Plunging ad prices underscore doubts over Yahoo turnaround plan

SAN FRANCISCO Tue Jul 16, 2013 11:26pm EDT

Marissa Mayer, President and CEO of Yahoo, answers questions during the Reuters Global Technology Summit in the Thomson Reuters offices in San Francisco, California, June 20, 2013. REUTERS/Beck Diefenbach

Marissa Mayer, President and CEO of Yahoo, answers questions during the Reuters Global Technology Summit in the Thomson Reuters offices in San Francisco, California, June 20, 2013.

Credit: Reuters/Beck Diefenbach

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SAN FRANCISCO (Reuters) - Marissa Mayer's plan to resuscitate Yahoo seems a simple one: get back the eyeballs, sell more ads and charge higher prices. But the chief executive's plan seems to have run into a major snag.

The price the company charges per ad slid 12 percent in the April to June period, six times the decline just a quarter ago - a fall that some say highlights how Yahoo has been caught unprepared for the industry shift to automated, programmatic ad buying.

Marketers increasingly prefer to buy online advertising space through automated exchanges, where prices are significantly lower, rather than paying top-dollar for premium ads sold by a Web publisher's salesforce. Ads offered by exchanges also allow marketers to aim ads in real time at specific audiences, such as by gender or age.

Yahoo's ad focus has, however, centered on "on developing media units that were much better for premium buys," said Shar VanBoskirk, an analyst with industry research firm Forrester Research.

Yahoo has its own programmatic ad technology with its Right Media exchange. But analysts say the exchange is not as popular as rival offerings, such as Google's DoubleClick exchange, which is considered the industry standard.

Google, the world's No.1 Web search engine, will report its second-quarter earnings on Thursday.

For many on Wall Street, the industry shift is one more reason means Yahoo's turnaround remains "an open question", especially given that Mayer has said the company remains first and foremost an advertising company.

During Tuesday's post-earnings conference call with analysts, Mayer said Yahoo was bullish on its advertising technology and that it planned to focus on improving various aspects of it in the coming quarters.

But even if Yahoo's ad exchange becomes more competitive, the broader trend of programmatic advertising will continue to pressure its business.

"Programmatic advertising technology continues to have a downward bias to pricing in display advertising and I don't expect that to improve anytime soon," said UBS analyst Eric Sheridan.


Mayer took the reins at Yahoo in July 2012 after a tumultuous period in which the company churned through several CEOs and many of its top executives and engineers jumped ship.

She has revamped key products such as mail and the Yahoo home page and jumpstarted acquisitions. Last month, Yahoo closed its $1.1 billion acquisition of popular blogging service Tumblr.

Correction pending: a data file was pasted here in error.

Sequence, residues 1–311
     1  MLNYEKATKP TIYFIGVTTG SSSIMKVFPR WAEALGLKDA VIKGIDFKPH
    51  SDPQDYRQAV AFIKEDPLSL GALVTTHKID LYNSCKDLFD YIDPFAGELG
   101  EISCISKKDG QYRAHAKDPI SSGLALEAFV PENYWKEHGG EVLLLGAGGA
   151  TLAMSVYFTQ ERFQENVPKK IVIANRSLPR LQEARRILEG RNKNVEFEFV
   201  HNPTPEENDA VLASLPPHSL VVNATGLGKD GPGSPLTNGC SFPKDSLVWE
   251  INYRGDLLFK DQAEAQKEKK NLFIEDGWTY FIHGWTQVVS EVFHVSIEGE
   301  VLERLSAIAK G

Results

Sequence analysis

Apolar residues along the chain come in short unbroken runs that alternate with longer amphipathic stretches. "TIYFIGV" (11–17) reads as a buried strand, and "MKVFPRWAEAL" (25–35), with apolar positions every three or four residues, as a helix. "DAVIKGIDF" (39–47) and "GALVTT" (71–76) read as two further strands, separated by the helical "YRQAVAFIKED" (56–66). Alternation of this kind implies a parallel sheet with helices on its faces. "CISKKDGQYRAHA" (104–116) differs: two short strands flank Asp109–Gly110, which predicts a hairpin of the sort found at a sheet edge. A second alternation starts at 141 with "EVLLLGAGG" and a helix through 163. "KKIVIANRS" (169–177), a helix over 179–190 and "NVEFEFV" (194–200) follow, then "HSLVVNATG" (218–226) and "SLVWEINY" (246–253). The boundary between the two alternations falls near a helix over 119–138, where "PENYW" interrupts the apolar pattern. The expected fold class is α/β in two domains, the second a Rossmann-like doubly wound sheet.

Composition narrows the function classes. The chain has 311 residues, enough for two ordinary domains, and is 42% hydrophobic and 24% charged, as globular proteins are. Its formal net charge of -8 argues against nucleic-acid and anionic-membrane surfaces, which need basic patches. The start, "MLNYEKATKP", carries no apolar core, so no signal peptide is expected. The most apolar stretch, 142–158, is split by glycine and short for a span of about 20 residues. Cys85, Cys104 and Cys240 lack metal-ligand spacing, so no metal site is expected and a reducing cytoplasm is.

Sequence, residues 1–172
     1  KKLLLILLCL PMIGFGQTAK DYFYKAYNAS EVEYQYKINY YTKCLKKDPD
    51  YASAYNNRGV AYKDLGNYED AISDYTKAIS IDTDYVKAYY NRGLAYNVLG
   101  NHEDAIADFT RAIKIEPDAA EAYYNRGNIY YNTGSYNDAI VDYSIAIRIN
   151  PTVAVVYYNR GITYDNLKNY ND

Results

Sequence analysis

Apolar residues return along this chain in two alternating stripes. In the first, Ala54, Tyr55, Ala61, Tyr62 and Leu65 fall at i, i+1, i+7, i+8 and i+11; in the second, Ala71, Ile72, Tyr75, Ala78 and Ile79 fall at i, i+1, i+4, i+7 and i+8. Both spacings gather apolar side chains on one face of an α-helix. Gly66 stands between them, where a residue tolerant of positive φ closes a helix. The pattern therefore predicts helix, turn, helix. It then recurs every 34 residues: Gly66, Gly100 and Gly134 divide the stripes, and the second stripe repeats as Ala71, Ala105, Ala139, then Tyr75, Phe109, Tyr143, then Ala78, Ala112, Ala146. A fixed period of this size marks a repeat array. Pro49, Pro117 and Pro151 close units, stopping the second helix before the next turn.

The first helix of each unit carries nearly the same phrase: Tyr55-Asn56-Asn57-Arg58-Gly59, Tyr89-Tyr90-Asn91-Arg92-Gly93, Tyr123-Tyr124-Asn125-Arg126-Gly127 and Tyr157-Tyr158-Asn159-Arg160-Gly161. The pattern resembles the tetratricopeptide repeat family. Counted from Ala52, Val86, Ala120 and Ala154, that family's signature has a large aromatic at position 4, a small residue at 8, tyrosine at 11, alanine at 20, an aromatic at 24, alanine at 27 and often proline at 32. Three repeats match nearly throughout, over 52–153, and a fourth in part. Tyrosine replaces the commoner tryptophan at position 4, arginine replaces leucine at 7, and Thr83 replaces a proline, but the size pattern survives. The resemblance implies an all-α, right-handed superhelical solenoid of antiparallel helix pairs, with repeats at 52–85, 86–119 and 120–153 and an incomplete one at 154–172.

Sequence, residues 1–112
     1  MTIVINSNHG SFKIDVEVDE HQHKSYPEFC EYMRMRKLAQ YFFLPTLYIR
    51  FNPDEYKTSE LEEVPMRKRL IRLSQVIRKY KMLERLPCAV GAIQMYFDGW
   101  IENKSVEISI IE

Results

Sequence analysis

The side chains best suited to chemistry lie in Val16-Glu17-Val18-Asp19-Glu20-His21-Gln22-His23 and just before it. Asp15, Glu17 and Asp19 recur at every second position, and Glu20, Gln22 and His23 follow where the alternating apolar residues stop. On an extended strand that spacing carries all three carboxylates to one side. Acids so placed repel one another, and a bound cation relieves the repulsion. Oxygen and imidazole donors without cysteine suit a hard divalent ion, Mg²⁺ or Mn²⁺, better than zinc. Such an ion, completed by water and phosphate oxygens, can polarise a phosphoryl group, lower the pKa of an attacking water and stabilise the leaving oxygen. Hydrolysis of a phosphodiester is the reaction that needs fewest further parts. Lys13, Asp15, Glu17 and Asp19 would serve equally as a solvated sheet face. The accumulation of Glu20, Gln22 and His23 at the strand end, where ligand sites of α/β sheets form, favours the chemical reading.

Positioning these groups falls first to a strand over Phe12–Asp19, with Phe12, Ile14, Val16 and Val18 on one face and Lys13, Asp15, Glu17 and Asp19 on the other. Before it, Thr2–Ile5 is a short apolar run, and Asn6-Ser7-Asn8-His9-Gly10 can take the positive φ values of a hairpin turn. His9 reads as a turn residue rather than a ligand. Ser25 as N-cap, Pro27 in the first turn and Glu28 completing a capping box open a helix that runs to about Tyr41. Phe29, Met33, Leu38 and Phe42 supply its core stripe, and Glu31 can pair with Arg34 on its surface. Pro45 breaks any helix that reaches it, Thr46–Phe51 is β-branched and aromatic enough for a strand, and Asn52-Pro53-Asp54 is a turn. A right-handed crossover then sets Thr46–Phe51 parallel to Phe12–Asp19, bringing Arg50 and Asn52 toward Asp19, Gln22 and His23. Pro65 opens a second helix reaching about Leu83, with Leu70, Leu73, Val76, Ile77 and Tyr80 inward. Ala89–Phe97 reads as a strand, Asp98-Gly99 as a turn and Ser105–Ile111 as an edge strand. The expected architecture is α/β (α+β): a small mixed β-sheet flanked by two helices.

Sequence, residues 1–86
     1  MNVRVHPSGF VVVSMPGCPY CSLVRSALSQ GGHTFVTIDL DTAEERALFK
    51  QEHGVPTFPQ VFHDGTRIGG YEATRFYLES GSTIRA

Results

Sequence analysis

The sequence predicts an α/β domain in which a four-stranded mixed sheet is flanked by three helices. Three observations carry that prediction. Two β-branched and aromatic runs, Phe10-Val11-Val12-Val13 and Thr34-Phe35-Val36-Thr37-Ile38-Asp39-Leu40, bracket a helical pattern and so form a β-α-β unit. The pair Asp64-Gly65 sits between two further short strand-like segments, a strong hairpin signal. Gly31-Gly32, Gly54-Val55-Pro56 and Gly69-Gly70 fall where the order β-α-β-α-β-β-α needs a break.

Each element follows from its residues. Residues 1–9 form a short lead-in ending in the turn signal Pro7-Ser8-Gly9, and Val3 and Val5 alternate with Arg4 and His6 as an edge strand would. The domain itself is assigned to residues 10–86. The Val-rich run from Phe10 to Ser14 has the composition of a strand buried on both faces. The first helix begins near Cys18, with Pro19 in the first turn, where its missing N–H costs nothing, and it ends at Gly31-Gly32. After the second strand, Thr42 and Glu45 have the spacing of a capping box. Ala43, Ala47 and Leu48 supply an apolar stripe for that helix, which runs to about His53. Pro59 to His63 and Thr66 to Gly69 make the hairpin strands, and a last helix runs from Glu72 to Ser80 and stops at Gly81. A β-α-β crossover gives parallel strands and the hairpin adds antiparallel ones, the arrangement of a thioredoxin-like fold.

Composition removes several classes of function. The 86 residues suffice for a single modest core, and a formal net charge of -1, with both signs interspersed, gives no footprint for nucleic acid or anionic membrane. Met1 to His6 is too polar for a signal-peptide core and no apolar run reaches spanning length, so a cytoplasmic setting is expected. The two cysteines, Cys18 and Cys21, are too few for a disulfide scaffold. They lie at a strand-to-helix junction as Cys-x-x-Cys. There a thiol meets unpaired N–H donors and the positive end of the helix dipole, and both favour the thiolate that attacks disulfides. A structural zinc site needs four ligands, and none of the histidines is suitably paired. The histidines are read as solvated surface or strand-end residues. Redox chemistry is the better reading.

Yahoo's stock has surged roughly 70 percent since Mayer took the helm but much of the gain has come from stock buybacks and from Yahoo's Asian assets, including a 24 percent stake in Chinese e-commerce giant and potential IPO debutante Alibaba Group.

Ad numbers, however, remain dismal. Apart from pricing, display ad volumes and paid-clicks for search ads - an important measure of viewers and readers' responsiveness to marketing - continue to shrink.

Yahoo's share of the $17 billion U.S. display ad market is expected to decline to 7.9 percent in 2013, down from a 9.2 percent share last year, while Google's share is expected to grow to 17.6 percent. Facebook is likely to expand its market share to 16.5 percent, research house eMarketer estimates.

"This core business is going to be ugly for quite some time before it gets better," BGC analyst Colin Gillis said of Yahoo.

"This is just the beginning of the trend, of the drop in the price per ad. You still have a pretty big gap between what you can get direct and what you can get selling on an exchange."

(Editing by Edwina Gibbs)

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Comments (3)
SanPa wrote:
Well, I resent the new email having never been enthusiastic about the prior version change. And, I went to Tumblr for a looksee, but saw nothing that turned my fancy. As to advertising, I’ve learned to ignore it. And the fits and starts for iPad specific pages … A turn off. Multiply my experience by, and you have a lot of very uncooperative users.

Jul 16, 2013 12:35am EDT  --  Report as abuse
ChicagoFats wrote:
Users (and the content presented to us) mean nothing to Yahoo except as eyeballs and clicks. And the trend to automated ad exchange buying leads me to believe that the clicks don’t even matter that much. I have seen an increase in popup, popunder, and rollover ads in the last year. They’re making it as hard as they can to avoid seeing those ads, figuring that if one user in a (thousand? million? who knows?) clicks on an ad, whether intentionally or accidentally, it’s worth the money it cost. Sort of like bulk mail, which appears to be disappearing as the internet fills up with junk ads.

Jul 17, 2013 1:24am EDT  --  Report as abuse
XDC wrote:
Adblockplus….. Donottrackme….. Noscript……

No ads to view…. priceless.

Jul 17, 2013 10:46pm EDT  --  Report as abuse
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